Not to worry, she may just be experiencing curiosity…

Not to worry, she may just be experiencing curiosity… Ms Ruth Jans, Mackay Head of House Throughout history, curiosity has not always enjoyed its current status as a valued quality. Although Aristotle attributed it as one of the most important characteristics of humanity, writing that ‘All men by nature desire to know’ (Ross, 2012), throughout the Medieval era, a sense of suspicion prevailed about this concept. It was considered by many that curiosity was a sign of ignorance or of an unhealthy fascination with inappropriate knowledge, and therefore a sin. It wasn’t until the late seventeenth and early eighteenth centuries that philosophers began to view curiosity as ‘associated with acquisitiveness, an insatiable but laudable desire for knowledge’ (Brown, 2006, p143) and therefore elevate it out of sin and back into virtue. ‘Curiosity may be defined as a desire to know, to see, or to experience, that motivates exploratory behavior directed towards the acquisition of new information….and…

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Sport builds character – but is there something missing?

Sport builds character – but is there something missing? Ms Sally Northcroft, Director of Sport It is well documented that competitive sport provides a framework for us to develop our character in a setting where we learn how to co-operate with others, develop resilience and master specific skills. This is not a new notion and in fact was employed by the Ancient Greeks, adopted by British boys’ boarding schools as sport travelled around the globe before settling into American and Australian cultures.  The educational value of sport in any environment is well supported, however opponents to competitive sport also mount a strong argument. The evidence of sport-related cheating, aggression, and self-aggrandisement (to name a few) are outlined by Alfie Kohn in his case against competition. Based on the research, it is clear that by simply competing in sport there is no guarantee that a person will develop into a morally responsible, empathetic, respectful and well-balanced individual.…

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Rediscovering the Ultimate Learning Space

Mr James Seaha, Director of Post-Secondary Planning Where is the ultimate learning space?  Is it the classrooms and laboratories of our schools and universities?  Perhaps it is the libraries, museums and galleries of the world.   If not, then it would certainly be the virtual space accessible in the comfort of our homes, local cafés or in our pockets.  Perhaps it is, in fact, not a space at all and the best learning comes to us from life’s experiences.  The answer to this apparently simple question could be as varied and complex as the learners themselves, or as simple as the concept of an ultimate learning space. On a recent visit to a French museum, I was reacquainted with the ideas of 18th century educator and philosopher, Jean Jacques Rousseau, whose thinking and writing in the fields of arts, education, politics and music helped to usher in French Romanticism and the French Revolution.  I remembered studying his…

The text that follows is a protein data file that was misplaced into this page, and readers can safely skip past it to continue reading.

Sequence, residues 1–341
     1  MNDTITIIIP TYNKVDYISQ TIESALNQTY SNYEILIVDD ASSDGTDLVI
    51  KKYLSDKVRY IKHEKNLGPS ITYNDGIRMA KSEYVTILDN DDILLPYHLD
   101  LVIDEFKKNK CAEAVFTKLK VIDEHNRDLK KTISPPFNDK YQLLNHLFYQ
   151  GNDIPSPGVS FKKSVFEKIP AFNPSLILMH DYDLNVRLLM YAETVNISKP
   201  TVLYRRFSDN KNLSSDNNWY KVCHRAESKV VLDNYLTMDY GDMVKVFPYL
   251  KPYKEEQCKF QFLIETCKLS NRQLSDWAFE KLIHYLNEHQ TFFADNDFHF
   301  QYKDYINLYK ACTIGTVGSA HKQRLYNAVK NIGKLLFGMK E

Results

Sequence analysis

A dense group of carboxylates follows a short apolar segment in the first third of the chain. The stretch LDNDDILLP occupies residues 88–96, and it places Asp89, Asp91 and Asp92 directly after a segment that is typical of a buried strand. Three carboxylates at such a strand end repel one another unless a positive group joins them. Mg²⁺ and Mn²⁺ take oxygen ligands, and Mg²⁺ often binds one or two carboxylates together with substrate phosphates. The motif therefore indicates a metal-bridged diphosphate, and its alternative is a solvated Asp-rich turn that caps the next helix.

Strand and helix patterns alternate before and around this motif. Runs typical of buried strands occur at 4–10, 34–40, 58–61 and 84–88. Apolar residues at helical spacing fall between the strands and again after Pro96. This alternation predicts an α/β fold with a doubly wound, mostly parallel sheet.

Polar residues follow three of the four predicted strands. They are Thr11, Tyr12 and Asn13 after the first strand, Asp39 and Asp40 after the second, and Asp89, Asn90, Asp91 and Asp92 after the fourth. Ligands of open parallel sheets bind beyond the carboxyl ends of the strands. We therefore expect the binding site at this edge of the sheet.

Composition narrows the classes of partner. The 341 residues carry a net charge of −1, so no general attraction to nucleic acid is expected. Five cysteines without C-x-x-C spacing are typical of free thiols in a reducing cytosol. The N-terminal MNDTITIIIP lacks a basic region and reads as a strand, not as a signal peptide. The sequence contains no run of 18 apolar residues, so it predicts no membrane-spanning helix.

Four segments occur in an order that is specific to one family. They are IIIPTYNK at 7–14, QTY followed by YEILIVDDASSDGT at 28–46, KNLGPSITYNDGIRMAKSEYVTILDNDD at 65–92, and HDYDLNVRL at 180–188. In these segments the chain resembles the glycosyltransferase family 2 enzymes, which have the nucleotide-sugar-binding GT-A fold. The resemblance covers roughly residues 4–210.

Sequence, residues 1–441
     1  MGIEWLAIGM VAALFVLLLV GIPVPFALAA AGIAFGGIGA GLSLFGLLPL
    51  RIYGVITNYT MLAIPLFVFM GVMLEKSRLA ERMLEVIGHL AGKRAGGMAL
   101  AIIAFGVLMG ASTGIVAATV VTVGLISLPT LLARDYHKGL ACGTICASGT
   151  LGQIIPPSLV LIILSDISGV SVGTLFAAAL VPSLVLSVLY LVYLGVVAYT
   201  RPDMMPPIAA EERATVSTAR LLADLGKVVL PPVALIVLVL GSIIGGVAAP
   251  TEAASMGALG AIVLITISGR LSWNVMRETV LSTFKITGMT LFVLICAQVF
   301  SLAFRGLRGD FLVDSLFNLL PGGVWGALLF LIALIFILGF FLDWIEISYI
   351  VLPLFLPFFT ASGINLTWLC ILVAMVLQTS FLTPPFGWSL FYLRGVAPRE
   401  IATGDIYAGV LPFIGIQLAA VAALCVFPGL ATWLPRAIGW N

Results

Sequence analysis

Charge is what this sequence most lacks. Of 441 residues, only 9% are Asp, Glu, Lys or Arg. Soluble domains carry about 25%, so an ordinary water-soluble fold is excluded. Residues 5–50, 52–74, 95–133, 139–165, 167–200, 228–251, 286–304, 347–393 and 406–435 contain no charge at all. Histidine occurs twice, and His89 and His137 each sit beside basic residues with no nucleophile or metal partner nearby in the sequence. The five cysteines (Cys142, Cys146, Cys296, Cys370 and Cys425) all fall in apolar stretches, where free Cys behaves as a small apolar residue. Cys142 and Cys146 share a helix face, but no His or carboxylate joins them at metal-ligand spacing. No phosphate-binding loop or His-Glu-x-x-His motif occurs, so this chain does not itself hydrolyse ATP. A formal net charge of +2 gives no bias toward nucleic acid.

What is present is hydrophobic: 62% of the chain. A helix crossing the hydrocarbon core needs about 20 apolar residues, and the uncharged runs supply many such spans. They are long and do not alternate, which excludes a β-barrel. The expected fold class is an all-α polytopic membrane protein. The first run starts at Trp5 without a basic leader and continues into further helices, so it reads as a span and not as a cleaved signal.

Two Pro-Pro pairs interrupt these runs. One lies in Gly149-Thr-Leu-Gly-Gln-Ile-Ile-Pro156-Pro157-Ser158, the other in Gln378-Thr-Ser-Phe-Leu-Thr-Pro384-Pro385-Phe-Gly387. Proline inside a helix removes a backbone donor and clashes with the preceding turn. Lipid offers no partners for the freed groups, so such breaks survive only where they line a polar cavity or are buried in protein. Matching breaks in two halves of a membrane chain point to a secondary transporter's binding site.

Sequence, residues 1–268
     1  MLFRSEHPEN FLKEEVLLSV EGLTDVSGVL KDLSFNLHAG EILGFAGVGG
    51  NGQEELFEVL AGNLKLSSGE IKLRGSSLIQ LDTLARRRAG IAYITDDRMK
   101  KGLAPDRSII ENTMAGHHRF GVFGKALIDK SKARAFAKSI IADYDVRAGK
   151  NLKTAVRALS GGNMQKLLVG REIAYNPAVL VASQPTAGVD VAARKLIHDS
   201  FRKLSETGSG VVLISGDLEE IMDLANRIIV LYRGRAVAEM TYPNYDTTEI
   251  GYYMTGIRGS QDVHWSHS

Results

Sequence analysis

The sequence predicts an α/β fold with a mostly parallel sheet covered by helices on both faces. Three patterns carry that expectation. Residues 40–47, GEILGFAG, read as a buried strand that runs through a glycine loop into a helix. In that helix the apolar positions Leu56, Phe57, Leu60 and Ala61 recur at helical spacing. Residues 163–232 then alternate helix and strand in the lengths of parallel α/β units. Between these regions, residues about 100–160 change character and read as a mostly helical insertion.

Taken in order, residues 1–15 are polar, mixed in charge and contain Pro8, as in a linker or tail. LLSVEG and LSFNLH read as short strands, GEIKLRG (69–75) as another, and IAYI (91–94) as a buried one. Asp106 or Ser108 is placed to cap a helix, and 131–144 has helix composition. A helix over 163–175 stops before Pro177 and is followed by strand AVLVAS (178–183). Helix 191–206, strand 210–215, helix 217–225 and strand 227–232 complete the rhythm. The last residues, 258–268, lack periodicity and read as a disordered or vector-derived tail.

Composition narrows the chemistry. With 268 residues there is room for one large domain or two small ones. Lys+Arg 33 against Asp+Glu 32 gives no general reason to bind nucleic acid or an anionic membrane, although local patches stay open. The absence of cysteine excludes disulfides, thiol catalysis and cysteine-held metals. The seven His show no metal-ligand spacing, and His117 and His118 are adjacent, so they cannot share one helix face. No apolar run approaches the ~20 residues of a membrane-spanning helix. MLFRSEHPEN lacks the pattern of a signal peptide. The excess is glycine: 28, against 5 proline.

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Engineering digital careers for tomorrow’s world in the cloud

Mr Brendon Thomas, Co-Director of Technology Studies Faculty John Seely Brown, co-chair of the Deloitte Center for the Edge, noted in the film titled Digital Media: New Learners of the 21st Century (2011), ‘Probably the most important thing for kids growing up today is the love of embracing change. In a world of rapid change, the need to memorize something is a 20th-Century skill. The need to navigate in a buzz of confusion and to figure out how to trust the information you find, if you can feel confident doing that, the world is yours.’ Technology plays a big part in this buzz of confusion, especially in schooling. Just how much are we investing in our students’ technological readiness for their living, learning and earning futures? (McWilliam, 2012). Over a decade of teaching and parenting has assured me that young people are curious learners; quite happy to navigate this whirlwind of digital confusion. But as they…

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Stand back and be amazed

Dr Ann Farley, Director of Differentiated Studies Faculty As parents and teachers we take great delight in seeing “our girls” constantly perform beyond our expectations. At each assembly we celebrate the achievements of girls who present insightful reports on activities conducted across the country and the world. At so many special events the students prepare, manage, present and perform with mature and sophisticated aplomb. On Friday night as we experience all the fun and excitement of Open Day the student population assumes the responsibility for showcasing the School to their parents and the broader community. The evening plays a significant role in the leadership development of the Year 11 cohort as they consistently rise to the challenge of organising many aspects of the evening. At this time last year, many of the 2012 Year 8 students were being welcomed to the Grammar community. Now they are the “welcomers”, encouraging our Year 8 students of 2013 to…

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